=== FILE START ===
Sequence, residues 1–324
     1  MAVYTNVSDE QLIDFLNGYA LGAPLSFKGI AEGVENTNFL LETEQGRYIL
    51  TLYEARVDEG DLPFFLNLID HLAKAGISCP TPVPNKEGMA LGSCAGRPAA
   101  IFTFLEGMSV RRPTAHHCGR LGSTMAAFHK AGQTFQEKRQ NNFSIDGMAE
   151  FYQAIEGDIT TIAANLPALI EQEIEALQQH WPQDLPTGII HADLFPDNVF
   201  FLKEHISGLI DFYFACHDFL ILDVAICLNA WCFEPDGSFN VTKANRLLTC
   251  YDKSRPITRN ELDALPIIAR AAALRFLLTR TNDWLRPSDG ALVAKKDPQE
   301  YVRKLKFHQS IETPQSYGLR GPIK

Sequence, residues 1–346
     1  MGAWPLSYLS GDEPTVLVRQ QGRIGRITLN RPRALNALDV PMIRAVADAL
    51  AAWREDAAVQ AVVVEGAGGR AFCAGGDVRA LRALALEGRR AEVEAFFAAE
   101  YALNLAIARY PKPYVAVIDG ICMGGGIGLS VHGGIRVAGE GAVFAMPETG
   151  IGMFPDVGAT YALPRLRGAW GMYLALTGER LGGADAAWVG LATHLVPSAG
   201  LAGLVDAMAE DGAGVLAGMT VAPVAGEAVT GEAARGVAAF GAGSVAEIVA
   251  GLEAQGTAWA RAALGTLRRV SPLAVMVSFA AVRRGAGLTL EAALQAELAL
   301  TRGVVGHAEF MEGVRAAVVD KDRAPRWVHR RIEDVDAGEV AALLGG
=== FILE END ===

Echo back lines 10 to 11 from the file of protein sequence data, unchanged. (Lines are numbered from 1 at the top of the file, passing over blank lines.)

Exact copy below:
     1  MGAWPLSYLS GDEPTVLVRQ QGRIGRITLN RPRALNALDV PMIRAVADAL
    51  AAWREDAAVQ AVVVEGAGGR AFCAGGDVRA LRALALEGRR AEVEAFFAAE